(I should note- my screening of the film was in 3D IMAX, with a high frame rate, although that frame rate changed from scene to scene and sometimes from shot to shot; I realize not all showings will be in that format, although I recommend seeing it in 3D. While for a time, after the first Avatar, many major blockbusters were shown to critics in 3D, The Way of Water marked the first time in several years that a press screening was presented in 3D.)
Avatar‘s place in the culture has been a strange one, unlike that of any other major pop culture property. The first movie came out in December 2009 as a completely original bit of intellectual property and broke all box office records, including the all-time record previously held by Cameron’s last film before that, Titanic. Avatar won three Oscars for Art Direction, Cinematography, and Visual Effects, although it lost Best Picture and Best Director to the Hurt Locker, which happened to have been directed by Cameron’s former wife, Kathryn Bigelow.
In addition to all of the revolutionary things it did with effects, Avatar made groundbreaking use of 3D, to the point where studios rushed to release their films in that format. Also doing so were television manufacturers, who believed that Avatar would spur the purchases of 3D TVs and rushed to bundle the movie with those TVs. That expected boom never happened — as I followed at the time, covering the consumer electronics industry — and regular 3D use at the movies petered out not long after that, although it’s still there as an option for some blockbusters.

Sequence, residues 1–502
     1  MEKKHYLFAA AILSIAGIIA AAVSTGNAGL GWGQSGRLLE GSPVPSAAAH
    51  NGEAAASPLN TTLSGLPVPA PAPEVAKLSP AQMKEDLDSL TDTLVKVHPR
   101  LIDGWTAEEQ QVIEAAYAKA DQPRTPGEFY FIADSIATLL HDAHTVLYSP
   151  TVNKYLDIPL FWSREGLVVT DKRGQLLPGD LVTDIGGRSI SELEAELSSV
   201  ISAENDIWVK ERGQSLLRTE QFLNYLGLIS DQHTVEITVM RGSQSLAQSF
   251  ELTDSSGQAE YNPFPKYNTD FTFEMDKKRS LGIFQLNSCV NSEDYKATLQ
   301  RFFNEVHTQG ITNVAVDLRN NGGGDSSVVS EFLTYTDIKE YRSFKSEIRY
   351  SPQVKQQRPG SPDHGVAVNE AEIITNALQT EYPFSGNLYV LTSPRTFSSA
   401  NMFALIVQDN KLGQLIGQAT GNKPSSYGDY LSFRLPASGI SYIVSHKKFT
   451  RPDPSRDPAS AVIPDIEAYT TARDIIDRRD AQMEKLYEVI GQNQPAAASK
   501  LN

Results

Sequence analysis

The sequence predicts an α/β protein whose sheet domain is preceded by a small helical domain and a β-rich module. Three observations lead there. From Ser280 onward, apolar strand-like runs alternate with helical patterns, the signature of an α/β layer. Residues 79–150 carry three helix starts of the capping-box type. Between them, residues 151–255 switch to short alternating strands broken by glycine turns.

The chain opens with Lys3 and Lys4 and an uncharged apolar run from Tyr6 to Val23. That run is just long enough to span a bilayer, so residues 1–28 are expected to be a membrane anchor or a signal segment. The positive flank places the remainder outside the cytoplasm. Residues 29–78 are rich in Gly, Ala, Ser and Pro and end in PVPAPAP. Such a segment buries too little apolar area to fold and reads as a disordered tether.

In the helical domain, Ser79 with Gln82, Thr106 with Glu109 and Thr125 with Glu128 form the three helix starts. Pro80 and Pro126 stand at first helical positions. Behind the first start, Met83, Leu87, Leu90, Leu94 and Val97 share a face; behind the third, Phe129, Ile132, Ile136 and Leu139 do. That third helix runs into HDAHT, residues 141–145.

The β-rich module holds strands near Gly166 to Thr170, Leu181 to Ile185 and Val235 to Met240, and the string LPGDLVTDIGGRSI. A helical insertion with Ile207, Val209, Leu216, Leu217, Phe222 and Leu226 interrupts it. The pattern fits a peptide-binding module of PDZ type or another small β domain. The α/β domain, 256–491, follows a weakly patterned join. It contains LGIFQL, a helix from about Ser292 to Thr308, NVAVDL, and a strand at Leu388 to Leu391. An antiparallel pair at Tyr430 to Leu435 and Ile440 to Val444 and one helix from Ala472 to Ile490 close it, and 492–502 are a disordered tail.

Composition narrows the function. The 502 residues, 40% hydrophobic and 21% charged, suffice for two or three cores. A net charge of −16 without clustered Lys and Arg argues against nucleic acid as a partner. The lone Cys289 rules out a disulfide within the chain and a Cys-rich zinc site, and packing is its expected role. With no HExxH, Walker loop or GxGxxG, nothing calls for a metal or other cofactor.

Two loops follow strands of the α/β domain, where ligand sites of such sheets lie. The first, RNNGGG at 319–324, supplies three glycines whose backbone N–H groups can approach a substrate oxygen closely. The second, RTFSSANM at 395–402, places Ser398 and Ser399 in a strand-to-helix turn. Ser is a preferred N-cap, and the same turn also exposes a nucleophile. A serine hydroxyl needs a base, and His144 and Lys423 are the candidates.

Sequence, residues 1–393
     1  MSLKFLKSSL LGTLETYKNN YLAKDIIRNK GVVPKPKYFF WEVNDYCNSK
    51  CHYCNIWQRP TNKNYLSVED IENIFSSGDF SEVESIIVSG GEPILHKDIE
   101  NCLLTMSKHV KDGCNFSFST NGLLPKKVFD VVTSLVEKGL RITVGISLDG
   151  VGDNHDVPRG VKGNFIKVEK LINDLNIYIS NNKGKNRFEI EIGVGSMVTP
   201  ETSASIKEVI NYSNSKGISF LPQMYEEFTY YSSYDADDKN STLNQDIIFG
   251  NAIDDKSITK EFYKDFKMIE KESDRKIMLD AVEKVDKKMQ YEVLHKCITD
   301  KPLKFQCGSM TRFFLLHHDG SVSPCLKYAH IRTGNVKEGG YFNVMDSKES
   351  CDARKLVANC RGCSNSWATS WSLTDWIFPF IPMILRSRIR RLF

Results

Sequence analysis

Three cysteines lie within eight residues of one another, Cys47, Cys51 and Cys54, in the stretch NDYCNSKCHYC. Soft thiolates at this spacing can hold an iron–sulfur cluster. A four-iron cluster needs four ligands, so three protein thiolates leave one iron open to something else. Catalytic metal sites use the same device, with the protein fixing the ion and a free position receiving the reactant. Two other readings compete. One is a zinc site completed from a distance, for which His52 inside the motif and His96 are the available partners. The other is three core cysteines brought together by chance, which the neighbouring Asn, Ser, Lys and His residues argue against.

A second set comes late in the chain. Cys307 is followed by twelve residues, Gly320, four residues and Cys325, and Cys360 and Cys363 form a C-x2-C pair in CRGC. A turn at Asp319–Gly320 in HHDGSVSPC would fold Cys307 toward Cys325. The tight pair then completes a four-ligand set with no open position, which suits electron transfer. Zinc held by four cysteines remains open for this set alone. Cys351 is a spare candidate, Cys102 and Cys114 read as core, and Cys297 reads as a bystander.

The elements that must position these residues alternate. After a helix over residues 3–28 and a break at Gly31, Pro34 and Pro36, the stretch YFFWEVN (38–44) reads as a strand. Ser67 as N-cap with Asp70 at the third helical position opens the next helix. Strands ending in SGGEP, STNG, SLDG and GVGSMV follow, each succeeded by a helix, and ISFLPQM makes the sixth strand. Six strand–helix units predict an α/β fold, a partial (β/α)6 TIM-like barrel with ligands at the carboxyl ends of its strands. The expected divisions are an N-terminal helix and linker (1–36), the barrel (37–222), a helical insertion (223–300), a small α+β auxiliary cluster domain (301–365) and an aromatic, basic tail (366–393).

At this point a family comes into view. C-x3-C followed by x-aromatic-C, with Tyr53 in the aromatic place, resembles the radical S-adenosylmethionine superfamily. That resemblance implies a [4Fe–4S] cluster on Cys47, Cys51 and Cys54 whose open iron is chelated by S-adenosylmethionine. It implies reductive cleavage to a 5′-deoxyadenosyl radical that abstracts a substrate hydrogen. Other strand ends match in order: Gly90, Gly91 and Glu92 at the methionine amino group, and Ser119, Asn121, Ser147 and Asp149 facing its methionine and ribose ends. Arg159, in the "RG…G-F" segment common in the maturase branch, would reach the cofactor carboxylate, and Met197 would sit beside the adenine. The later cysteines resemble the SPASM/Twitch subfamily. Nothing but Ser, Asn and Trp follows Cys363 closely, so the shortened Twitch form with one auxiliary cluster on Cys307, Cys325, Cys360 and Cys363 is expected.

The film even set off political arguments, with everyone from American Indians to Palestinians seeing themselves in the Na’vi; others, of course, called it problematic. But it wasn’t anything political that caused Avatar to recede.
A few years later, another meme began to spread on Film Twitter and elsewhere: That Avatar, despite its status as the all-time box office champion at the time, hadn’t left much of a cultural footprint. Film fans challenged each other to remember plot details or even character names from Avatar, less than a decade after it came out.
Part of that may have been that no sequels had yet arrived, there weren’t ancillary streaming shows, and the way that moviegoers used to catch up on older movies — coming across them on cable — was starting to fade away. There was also frequent news that the sequels, announced around the time of the first movie’s release, was being delayed again and again. Sure, there’s an Avatar ride at Walt Disney World, but not everyone is a Disney habituate.
But now, Avatar is back in the public consciousness, and with three more sequels set to arrive, it’s going to stay there for the next several years, although the plan currently is that the next sequel is only two years away.
When the first Avatar came out in 2009, streaming was barely a thing yet, Disney hadn’t yet purchased Twentieth Century Fox or Lucasfilm, and the MCU was just getting going. James Cameron, who is 68 years old, has likely dedicated the rest of his career to making these films, and he’s done it with care, detail, and a great deal of excitement.